The SPOs dragged my 20- year-old sister, Gantal Sridevi, out of her room and began beating her too. They then took her inside my uncle’s room. She was crying and screaming. When my mother pleaded with them to let my sister go, a man put a gun in my mother’s mouth and threatened to kill her. They even beat up my grandmother. They beat my wife and snatched her mangalsutra. They stole all our valuables, including money.

The SPOs dragged my sister near the forest, to a spot close to the pond and raped her. We found her body after 10 days. She had been stabbed and was shot in her mouth.

I didn’t go to the police or register an FIR because I was scared. We cremated my sister. That day four people were killed, including Motilal, the man who had been shot first of all. The local priest, Ramaya, was also shot dead when he was trying to flee his house, which they set on fire. I didn’t approach the Supreme Court.


July 12, 2009

life in financial markets: why allow pnotes at all when you can set them completely free?

A little over a month back, I contributed to the magazine I currently write for, a story on how foreign institutional investors (FIIs) investing in India should not want to -- nor be allowed to by the Indian securities market regulator -- to issue access notes or participatory notes to global investors wanting to invest in Indian equities.

I wrote all foreign individual or corporate investors should instead be allowed direct access to Indian equity exchanges through the local brokers of National Stock Exchange and Bombay Stock Exchange.
Here is that story:

Close back door, open front one
It is time for Sebi and the finance ministry to take focus away from encouraging P-notes and instead permi foreign investors to invest directly in India's listed equities

Emboldened by the 19-20 May spike in the equity prices, the domestic bulls, on the back of global bulls, are bracing themselves to go on the rampage in the Indian equity market in the coming months.

In next few months, it could get inevitable that the issues of access to Indian market for foreign investors and its potential of being used as a backdoor conduit for Indian hot money are likely to play on the minds of the government and the capital market regulator, Securities and Exchange Board of India (Sebi).

BW takes stock of the impact of the happenings on this front in the last two years and the potentialities of regulatory improvement going forward.

A few months before—and culminating in—October 2007, Sebi, under sustained pressure from the finance ministry to help curb the rupee's rapid rise against the dollar by reining in the large net foreign institutional investor (FII) inflows that were understood then to be the largest contributors to rupee appreciation.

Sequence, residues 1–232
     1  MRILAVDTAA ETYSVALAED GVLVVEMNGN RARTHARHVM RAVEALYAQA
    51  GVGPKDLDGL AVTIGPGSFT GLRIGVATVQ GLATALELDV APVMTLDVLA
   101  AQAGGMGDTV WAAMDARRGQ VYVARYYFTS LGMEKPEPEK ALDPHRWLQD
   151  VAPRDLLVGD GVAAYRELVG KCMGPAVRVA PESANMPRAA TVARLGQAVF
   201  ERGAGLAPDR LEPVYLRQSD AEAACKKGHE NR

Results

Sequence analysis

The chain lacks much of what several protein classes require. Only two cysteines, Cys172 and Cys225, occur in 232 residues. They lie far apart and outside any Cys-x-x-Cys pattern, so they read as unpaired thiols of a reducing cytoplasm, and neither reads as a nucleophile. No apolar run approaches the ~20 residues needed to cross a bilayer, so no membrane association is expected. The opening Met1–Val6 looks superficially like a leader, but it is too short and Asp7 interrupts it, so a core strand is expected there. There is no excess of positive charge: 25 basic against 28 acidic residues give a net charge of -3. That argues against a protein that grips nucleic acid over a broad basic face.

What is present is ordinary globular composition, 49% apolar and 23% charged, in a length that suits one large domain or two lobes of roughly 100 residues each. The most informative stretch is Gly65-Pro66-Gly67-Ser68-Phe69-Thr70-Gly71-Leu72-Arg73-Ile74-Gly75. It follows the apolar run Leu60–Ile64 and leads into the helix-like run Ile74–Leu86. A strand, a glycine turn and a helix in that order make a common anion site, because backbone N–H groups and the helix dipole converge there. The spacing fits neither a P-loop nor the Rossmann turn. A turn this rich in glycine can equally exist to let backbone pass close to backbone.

Sebi banned any FII or their sub-account (FII-SA) from trading in Indian exchange-traded equity derivatives that were used as underlying in the issue of participatory notes (P-notes). P-notes are access notes that, usually global investment banks, issue, chiefly from Singapore and Hong Kong, to leveraged long or short funds (usually, hedge funds) and small-sized long-only asset managers who find the registration process, in any market such as India's, too cumbersome.

Sebi had then also barred all FII-SAs from issuing P-notes. The idea then was to make the P-note issuing FII-SAs register with Sebi as FIIs and in the process get more information about them to regulate them better. This was because there were doubts about Indian hot money, stashed overseas, entering the Indian market through the backdoor using P-notes.

But there was a bit of flip-flop. In May 2008, the October 2007 restrictions were legally notified as amendments to Sebi's regulations for FIIs. But young turks in the finance ministry were putting pressure on Sebi to remove the restrictions on P-notes and only require that investors to which FIIs would issue P-notes to were regulated in their home countries.

On 30 October 2008, Sebi once again amended its FII regulations and removed most of the restrictions, including the ban on P-notes with derivatives as underlying. The P-note issuance ban on FII-SAs, however, stayed. From then till date the FIIs, though, were again free to issue all kinds of P-notes with the only condition being that the end-investor has to be regulated in its home country.

The results from all this flip-flop have been mixed. The issuance of P-notes by the earlier largest P-note issuing FIIs has certainly come down. This is seen from the greater-than-1% shareholding data in companies from stock exchanges' quarterly shareholding pattern data. The largest (as of October 2007) P-note issuing FIIs that were have significantly scaled down their exposure (see table: Where did they disappear?).

(click on the image below to see it enlarged & clear)

Further, P-notes with the end-result being that of a short in the Indian cash or derivatives market have been near-zero for more than a year now. This is seen from the twice-a-week disclosures made to Sebi by the FIIs which are made public by Sebi.

The global financial crisis and the global economic slowdown also intervened to make P-note unattractive for a while. "Every thing fell off the rail in 2008 with the Lehman collapse and the crises in the other large investment banking firms as the global liquidity got sucked out," says Akil Hirani, managing partner in Majmudar & Co, a corporate law firm that has FII clients among others.

Despite all this, post-October 2007, the trading volume figures of FIIs in the Indian cash and derivatives market (see graph, 'Hit a bit') do not show a decline any sharper than the overall fall in traded volumes in the market.

(click on the image below to see it enlarged & clear)